International Policy

International environmental conventions and treaties bring together governments, international organizations, non-governmental organizations, and other stakeholders to find shared solutions to global environmental challenges. There are several such conventions and treaties that specifically address wildlife (both terrestrial and marine). They serve as legal frameworks that help to protect wildlife, such as controls on the international trade in wildlife and wildlife products through the Convention on International Trade in Endangered Species of Wild Fauna and Flora (CITES) or by enhancing the protection of outstanding natural areas/national parks, for example, through the World Heritage Convention.

Our Goal

To contribute WCS's scientific, technical, and policy expertise to international discussions between governments and influence international policies and commitments that will benefit wildlife and wild places, and impact WCS's work in the field to benefit wildlife and wild places.

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Photo Credit: ©Jeff Morey/WCS

WCS's John Robinson (left) at the United Nations.

Our Work

WCS engages with governments, international policy-makers and decision-makers, intergovernmental organizations, and other stakeholders to share our scientific, technical, and policy expertise and to advocate for the development and implementation of international policies and commitments, through treaties and conventions. Our focus is on issues and treaties that directly threaten or otherwise impact the wildlife and wild places on which WCS works, with particular emphasis on: wildlife trade (legal and illegal, including poaching and trafficking), protected areas (including deforestation and forest conversion), and wildlife health. We work closely with national governments and regional organizations such as the European Union to provide technical advice from the field to both influence and enhance the effectiveness of their policies.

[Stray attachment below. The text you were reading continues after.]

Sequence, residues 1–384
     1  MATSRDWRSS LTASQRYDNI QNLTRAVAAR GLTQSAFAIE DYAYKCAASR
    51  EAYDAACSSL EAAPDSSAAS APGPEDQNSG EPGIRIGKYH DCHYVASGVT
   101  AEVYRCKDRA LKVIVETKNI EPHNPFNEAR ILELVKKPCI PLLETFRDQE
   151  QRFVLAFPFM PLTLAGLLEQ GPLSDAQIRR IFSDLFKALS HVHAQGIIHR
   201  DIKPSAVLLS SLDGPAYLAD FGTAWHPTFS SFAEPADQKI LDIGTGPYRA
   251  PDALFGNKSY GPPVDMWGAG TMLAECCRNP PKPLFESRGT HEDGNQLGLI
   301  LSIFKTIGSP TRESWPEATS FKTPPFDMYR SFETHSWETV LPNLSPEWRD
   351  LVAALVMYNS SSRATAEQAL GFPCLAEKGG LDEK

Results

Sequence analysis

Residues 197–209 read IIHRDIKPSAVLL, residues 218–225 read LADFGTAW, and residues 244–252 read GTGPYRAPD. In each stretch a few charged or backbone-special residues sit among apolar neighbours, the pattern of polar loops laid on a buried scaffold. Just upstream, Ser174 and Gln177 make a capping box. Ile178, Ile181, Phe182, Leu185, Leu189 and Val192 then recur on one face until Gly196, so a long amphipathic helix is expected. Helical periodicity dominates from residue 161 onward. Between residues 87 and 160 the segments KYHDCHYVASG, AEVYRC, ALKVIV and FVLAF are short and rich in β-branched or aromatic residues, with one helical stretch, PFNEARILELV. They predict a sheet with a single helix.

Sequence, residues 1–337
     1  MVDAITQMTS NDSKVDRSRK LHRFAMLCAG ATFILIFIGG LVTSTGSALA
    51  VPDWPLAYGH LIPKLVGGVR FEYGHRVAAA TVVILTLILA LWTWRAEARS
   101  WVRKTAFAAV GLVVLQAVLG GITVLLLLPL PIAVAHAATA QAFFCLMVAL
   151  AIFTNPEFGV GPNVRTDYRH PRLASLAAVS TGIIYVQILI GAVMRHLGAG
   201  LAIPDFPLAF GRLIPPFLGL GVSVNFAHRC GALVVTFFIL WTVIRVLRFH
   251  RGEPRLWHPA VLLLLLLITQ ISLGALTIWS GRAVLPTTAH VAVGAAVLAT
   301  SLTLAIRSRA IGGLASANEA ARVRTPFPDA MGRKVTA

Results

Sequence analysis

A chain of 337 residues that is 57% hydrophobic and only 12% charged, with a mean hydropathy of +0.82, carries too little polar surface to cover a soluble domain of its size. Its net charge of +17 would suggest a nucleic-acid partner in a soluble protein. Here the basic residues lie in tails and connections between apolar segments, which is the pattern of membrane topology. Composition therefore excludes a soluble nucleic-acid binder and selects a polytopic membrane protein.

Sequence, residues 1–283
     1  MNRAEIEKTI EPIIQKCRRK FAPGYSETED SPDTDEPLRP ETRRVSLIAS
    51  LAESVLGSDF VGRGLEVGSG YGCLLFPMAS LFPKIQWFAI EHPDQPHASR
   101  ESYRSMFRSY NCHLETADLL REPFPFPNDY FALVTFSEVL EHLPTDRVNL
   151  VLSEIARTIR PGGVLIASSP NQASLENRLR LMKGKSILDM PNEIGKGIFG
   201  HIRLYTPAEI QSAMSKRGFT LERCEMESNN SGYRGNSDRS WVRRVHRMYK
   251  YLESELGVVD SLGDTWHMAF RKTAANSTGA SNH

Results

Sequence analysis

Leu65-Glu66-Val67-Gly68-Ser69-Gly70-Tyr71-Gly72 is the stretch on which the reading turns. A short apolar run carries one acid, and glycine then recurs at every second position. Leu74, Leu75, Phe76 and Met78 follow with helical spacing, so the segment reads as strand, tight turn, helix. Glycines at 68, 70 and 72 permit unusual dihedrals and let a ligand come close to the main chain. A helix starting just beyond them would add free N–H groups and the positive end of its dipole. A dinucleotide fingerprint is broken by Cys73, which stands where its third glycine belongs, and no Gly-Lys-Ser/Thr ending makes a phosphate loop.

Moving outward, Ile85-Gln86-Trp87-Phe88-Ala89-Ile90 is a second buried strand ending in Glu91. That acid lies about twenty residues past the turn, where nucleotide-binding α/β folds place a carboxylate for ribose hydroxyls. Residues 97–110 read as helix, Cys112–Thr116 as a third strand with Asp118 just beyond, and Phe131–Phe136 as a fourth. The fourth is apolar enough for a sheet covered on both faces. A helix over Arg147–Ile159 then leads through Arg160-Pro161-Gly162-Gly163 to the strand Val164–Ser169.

The major policies we seek to influence at the national and international level are:

  • Wildlife trade and CITES, including combating wildlife trafficking
  • Protected areas—on land and in the sea
  • Securing rights of indigenous and traditional peoples to manage and benefit from their natural resources
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Photo Credit: ©WCS China

WCS's Susan Lieberman meets with Chen Fengxue of the China State Forestry Administration.

Why WCS?

  • WCS has staff working in the field and in capitals in almost 60 countries, including a large number of PhD scientists with considerable scientific expertise. WCS also has staff with many years of policy and scientific experience, working with governments and international organizations.
  • We have good relationships with governments at all levels (local, national, and international), including in countries in Asia, Africa, Latin America, North America, and Oceania, where we work.

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